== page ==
Mechanics hear the car hit a curb story from drivers often. It happens to even the best drivers. Although more common in the winter months when drivers are dealing with ice and snow, the reality is, it can happen anytime.
The questions are do you have front end damage and what to do about it. This article will talk about how to evaluate the situation and determine the best course of action for your scenario.
Not all curb hits are created equal. The first thing to consider is the speed the vehicle was traveling when it hit the curb. The second thing is the height of the curb. As an example if you're traveling 50 mph and hit a curb that's higher than six inches, chances are there's extensive front end damage.
However, if you hit a 3 inch curb traveling 5 mph then chances are you have no damage at all. This depends on the vehicle construction of course. As an opinionated quick rule of thumb the cheaper the automobile the more damage occurs.
Always consider the impact event when determining what to do next. When in doubt take it to a trusted mechanic for inspection of the suspension and front end. There's a few things you can do to get an idea of what the auto repair shop might find before you go.
I start by inspecting the wheel and tire that made contact with the curb. This is usually the right front tire in the United States. When it comes to tire construction the tread is stronger than the side wall and much thicker.
Often you'll see chunks taken out of the tire side wall. sometimes there is wheel damage. This is usually found on the edge near the sealing bead. This kind of damage should be repaired or at least inspected immediately. If the wheel and tire look okay or only have minor damage, such as scuffs, the next step is to drive the car.
On this specialized road-test we'll make an attempt at determining if the wheel alignment has shifted from the impact event. Just because a car hit a curb doesn't mean it automatically needs a front wheel alignment. Although the guy that paid for an alignment rack might tell you a different story.
In fact, after the alignment is set at the factory they lock down the adjustments. These are designed to hold in place under harsh road conditions like slamming potholes. With that said, If the car hit a curb hard enough it's possible for the alignment to move. There are things that you can look for on a diagnostic road test after the curb contact.
I recommend finding an empty parking lot and driving the car slowly in a straight line. Compare this with the position of the steering wheel. If there's serious damage to the front end, the steering wheel will no longer point in the same straight ahead position it did before the impact.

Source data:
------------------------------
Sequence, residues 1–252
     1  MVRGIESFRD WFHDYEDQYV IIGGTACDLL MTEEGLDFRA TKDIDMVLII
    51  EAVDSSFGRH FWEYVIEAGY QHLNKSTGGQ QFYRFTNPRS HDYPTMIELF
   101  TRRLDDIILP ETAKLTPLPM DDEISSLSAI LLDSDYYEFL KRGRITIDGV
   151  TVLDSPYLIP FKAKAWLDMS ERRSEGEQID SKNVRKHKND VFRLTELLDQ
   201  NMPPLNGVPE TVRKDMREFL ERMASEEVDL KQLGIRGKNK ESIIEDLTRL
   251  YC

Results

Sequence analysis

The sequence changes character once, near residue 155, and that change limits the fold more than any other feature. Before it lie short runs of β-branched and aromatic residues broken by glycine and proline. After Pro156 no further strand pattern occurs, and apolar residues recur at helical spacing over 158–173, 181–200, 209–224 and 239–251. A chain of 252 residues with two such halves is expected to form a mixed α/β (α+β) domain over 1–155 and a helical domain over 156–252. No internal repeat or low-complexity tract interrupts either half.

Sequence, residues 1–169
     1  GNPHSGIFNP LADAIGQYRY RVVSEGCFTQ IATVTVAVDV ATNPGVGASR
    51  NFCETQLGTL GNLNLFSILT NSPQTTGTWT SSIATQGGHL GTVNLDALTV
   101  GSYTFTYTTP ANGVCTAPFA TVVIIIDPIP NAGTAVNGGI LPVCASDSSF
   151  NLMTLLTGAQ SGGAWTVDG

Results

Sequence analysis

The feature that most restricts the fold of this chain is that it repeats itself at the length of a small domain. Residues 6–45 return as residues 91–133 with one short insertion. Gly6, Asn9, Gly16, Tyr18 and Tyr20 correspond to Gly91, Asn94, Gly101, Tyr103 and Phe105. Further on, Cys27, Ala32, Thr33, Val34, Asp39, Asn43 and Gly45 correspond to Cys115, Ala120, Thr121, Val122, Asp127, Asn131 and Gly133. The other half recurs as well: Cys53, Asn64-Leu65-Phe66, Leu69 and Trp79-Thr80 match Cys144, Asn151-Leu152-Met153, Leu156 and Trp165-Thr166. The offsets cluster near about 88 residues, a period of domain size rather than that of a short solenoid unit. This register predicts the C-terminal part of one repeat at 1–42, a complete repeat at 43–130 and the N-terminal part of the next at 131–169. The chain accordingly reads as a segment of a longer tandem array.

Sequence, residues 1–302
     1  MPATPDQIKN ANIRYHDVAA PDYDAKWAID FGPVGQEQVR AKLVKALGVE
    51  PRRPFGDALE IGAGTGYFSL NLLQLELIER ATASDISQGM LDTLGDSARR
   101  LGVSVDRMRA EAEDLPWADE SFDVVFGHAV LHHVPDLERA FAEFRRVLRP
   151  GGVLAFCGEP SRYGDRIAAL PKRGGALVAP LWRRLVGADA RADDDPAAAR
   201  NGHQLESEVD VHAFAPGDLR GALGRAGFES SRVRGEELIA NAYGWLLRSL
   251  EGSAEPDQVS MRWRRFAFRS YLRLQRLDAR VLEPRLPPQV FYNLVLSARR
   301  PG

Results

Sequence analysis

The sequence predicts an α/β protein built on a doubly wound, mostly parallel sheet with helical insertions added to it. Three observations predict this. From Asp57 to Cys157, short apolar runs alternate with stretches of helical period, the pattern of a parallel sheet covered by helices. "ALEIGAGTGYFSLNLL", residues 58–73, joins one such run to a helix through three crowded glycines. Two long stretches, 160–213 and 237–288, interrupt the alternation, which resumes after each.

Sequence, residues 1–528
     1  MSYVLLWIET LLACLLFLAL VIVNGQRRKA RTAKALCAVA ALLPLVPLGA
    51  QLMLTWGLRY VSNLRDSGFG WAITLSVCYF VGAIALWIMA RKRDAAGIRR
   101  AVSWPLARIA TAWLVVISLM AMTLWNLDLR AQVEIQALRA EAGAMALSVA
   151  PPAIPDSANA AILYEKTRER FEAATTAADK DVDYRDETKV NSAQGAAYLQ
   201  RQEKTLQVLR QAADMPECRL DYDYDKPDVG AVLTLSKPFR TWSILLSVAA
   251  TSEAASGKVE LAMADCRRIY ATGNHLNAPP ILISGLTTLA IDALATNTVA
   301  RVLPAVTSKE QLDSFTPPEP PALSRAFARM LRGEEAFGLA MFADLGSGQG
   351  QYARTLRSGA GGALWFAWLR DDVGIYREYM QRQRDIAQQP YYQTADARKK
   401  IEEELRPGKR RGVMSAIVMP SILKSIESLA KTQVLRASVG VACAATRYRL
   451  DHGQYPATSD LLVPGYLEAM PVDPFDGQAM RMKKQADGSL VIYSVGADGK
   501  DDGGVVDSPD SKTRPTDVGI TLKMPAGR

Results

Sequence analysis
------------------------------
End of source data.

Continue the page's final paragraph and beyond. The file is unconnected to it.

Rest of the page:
You can also check for a bent wheel at the same time. An indication of a bent rim is a back-and-forth wobbling of the steering wheel at low speeds. At higher MPH this might turn into what feels like a vibration. Nevertheless, the intensity increases with road speed.
If the car slams the curb really hard chances are that front end parts are bent as well. You can get an idea on the severity of the damage by seeing how the car tracks when rolling at 5 MPH. When things are bent you'll notice a hard pulling condition towards the side of the impact.
If a car hit a curb with the right front wheel and bent the control arm back, this would cause a negative caster setting. Therefore, the automobile will pull to the right side. If the steering is off center and the car pulls at low speeds you most likely have bent parts.
I should mention that in most cases a mechanic should raise the automobile up in the air and inspect the front end. In this position it's easy to see damaged parts. Nevertheless, there are situations when the only way to detect minor damage is to set it up on an alignment rack. In this scenario taking measurements removes the guessing on what's bent.
In some situations car insurance companies want a print out of these readings to verify needed repairs. When I turned wrench's in New Jersey, we saw quite a lot of these curb hits during the winter months.
Back in the old days when a car hit a curb we would find damage to the ball joint area and sometimes the tie rod ends. Now, with modern sub-frame construction it's more common to find bent control arms. You know the old saying, they don't make them like they use to. Bookmark or share this page with someone who's car hit a curb.
Here on the you fix cars website I've devoted an entire section on automobile steering and suspension. You can browse through the pages and learn more about the front end of your vehicle.
To get a complete rundown of what is available here on this
do-it-yourself auto repair website this next link will take you back to
the YouFixCars.com homepage.